The cooks at Gustar know their onions in the metaphorical sense because they are well versed in the culinary arts. But they also know their onions in the purely literal meaning — they produced two dishes based on onions as mellifluous as I have ever tasted. It’s actually quite easy to cook this ubiquitous bulb to this lusciously mellow state — but not all that many home cooks and pros manage it.
That’s because this little kitchen chore takes time and patience. And if there is anything home cooks and pros don’t have these days it is the time and the patience to get things right.
The result is that many a dish isn’t what it could be because the onions weren’t cooked through and the texture and taste were completely off course.
French and Spanish cooks excel at slicing onions finely, putting them into a sauté pan with plenty of butter or olive oil, covering it with the lid and leaving the onions on a gentle diffuse heat until they get to that incredible meltingly soft state.
That’s the classic old-school way of doing it. Modern cooks take short cuts — which is fine if the end result is onions that are soft and scrummy. Donna Leon, famous for her Venice-based novels featuring comisario Brunetti, in 2011 produced a book called The Taste of Venice: At Table with Brunetti, which reproduces scenes of Brunetti at home eating meals cooked by his wife Paola. A book for fans of Brunetti and Italian cooking.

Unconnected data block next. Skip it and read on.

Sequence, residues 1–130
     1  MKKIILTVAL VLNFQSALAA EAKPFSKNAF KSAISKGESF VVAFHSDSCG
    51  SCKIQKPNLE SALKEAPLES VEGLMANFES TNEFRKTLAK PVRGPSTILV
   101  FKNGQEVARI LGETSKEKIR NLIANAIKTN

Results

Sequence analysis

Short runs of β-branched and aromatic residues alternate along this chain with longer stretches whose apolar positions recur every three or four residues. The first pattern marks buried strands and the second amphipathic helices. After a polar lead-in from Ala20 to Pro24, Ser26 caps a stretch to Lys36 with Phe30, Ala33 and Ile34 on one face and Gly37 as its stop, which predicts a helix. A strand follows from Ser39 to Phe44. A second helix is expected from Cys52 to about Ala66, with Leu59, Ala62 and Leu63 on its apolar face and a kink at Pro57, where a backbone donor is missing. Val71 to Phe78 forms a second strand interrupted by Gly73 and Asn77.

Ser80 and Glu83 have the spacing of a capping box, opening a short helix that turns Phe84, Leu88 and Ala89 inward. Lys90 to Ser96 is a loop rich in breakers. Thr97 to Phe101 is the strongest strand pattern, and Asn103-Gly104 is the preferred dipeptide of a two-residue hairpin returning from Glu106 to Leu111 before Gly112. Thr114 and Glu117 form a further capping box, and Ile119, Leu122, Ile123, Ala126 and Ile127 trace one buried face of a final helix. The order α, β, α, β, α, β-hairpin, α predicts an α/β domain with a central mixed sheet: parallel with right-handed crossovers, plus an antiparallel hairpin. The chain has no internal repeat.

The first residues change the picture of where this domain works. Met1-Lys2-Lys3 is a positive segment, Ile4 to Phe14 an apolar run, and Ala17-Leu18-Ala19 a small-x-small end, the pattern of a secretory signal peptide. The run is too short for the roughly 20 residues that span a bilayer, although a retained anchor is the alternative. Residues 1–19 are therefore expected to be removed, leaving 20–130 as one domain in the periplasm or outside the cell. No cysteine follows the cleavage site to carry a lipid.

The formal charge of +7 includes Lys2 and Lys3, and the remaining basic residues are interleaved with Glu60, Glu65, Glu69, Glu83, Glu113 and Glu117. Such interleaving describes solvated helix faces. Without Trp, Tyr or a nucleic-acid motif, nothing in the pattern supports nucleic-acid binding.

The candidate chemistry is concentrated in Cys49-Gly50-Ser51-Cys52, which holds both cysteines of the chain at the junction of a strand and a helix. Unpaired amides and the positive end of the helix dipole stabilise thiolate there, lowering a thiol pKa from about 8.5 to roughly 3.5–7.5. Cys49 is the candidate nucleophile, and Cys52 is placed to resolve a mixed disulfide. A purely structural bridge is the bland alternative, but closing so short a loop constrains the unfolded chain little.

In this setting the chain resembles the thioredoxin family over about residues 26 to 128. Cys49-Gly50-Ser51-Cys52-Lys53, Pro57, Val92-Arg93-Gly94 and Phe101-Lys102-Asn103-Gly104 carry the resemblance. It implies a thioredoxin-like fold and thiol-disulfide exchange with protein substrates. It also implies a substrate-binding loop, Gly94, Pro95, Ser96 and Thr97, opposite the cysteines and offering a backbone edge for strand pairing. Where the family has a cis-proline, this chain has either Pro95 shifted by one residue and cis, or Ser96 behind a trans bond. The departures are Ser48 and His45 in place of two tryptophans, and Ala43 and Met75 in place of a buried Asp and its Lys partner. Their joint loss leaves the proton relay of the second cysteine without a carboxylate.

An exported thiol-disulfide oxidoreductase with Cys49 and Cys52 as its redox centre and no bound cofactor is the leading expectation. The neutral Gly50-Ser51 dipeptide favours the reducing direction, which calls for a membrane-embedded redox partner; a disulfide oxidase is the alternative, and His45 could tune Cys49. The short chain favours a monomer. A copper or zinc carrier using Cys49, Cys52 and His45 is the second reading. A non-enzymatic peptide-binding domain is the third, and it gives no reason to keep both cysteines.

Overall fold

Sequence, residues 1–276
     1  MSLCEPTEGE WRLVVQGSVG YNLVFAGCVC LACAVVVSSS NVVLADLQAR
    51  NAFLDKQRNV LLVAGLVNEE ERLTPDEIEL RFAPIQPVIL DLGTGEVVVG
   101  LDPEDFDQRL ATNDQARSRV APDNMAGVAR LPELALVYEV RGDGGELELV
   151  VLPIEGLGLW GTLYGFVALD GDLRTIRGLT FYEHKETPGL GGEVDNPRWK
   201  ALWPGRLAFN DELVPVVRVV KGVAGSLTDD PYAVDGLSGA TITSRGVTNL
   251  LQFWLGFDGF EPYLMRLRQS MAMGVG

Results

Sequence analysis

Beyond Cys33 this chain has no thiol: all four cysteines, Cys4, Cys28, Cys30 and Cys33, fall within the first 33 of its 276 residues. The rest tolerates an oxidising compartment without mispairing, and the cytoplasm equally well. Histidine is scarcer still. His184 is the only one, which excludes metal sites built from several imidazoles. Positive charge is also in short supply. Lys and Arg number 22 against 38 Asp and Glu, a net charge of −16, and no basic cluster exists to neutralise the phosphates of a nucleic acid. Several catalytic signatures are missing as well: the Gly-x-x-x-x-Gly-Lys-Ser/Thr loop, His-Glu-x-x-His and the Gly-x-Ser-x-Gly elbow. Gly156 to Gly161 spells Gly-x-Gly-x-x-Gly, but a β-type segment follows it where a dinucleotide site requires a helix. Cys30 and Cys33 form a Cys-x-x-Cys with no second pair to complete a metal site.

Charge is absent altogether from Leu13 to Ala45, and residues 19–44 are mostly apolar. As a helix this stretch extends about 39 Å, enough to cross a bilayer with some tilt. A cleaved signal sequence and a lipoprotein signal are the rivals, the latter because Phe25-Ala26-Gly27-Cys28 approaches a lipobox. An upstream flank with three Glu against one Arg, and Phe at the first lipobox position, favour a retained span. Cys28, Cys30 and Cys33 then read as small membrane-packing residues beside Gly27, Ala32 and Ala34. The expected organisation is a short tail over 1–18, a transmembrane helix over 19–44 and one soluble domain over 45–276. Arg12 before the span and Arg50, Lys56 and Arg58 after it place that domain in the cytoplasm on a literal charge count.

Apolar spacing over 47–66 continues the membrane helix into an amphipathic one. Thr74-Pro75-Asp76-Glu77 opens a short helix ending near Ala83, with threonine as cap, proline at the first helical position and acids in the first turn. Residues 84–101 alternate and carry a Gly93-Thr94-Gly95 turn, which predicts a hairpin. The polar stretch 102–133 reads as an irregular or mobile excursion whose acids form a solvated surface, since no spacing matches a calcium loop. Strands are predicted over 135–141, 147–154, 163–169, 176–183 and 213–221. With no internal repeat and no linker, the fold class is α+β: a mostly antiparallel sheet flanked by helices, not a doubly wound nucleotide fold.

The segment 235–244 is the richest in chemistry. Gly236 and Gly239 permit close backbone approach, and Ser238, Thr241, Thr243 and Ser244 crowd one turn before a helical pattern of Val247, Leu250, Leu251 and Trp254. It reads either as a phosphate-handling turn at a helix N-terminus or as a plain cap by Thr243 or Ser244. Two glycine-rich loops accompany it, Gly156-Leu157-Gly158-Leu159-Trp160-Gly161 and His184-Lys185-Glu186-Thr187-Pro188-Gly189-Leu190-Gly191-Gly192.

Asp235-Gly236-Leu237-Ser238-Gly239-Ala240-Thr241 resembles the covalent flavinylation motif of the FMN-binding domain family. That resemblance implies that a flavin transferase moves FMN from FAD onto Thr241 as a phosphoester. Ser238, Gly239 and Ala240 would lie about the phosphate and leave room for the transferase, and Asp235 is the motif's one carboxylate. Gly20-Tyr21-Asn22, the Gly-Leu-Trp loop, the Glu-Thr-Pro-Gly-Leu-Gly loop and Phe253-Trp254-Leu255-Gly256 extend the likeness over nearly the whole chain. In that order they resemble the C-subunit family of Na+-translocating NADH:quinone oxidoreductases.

The recipes are by Leon’s best friend Roberta Pianaro, a Venetian jewellery designer who is also an accomplished cook. In every dish that starts with the sautéing of onions, Pianaro plays safe and stirs them around in oil for a minute and then adds a glass of water.That way the onions won’t scorch (a common fault in homes all over the world) and they will be soft.
I think the Gustar cooks took a similar shortcut because their onions, although beautifully soft, were very white instead of being golden. But that’s not a complaint: I adored their oozy softness.
These memorable onions were at their best in dish on the menu as butifarra amb cebes, a Catalán white sausage done with onions. But what we got was the Majorcan black pudding called butifarrón, a delicious one lightly flavoured with anise seeds.
This dish had visual impact (the jet-black butifarrón against the white onions) but it was the texture and taste that made it so delectable. There’s nothing new about butifarrón with onions — but the onions aren’t always as good as this.
The Gustar cooks are trying to be different but without being pretentious about it. The printed menu is quite short and is based mainly on cold dishes although they have cooked dishes as daily specials.
We kept to the printed menu and had a most enjoyable meal. A slivered fresh salmon salad had a beautiful tangy dressing with an ever-so- slight piquant touch.
The delicious salad with gossamer-thin slices of raw salmon. Photo: Andrew Valente
Although the butifarra dish turned out to be butifarrón, it was most successful.
But the restaurant should get the names right.
The escalivada, although far from authentic, was most enjoyable.
Restaurante Gustar, Plaça del Banc de l’Oli 11, Palma (the pedestrian square behind the eastern corner of Plaza Mayor). Tel:871-710880. Open for lunch and dinner from Monday to Saturday. Best to book if you want to eat at a pavement table.
- Salmon salad, 12 euros
- Escalivada, 10 euros
- Butifarrón, 12 euros
- 3 cañas, 6 euros
Total cost with VAT: 42 euros.
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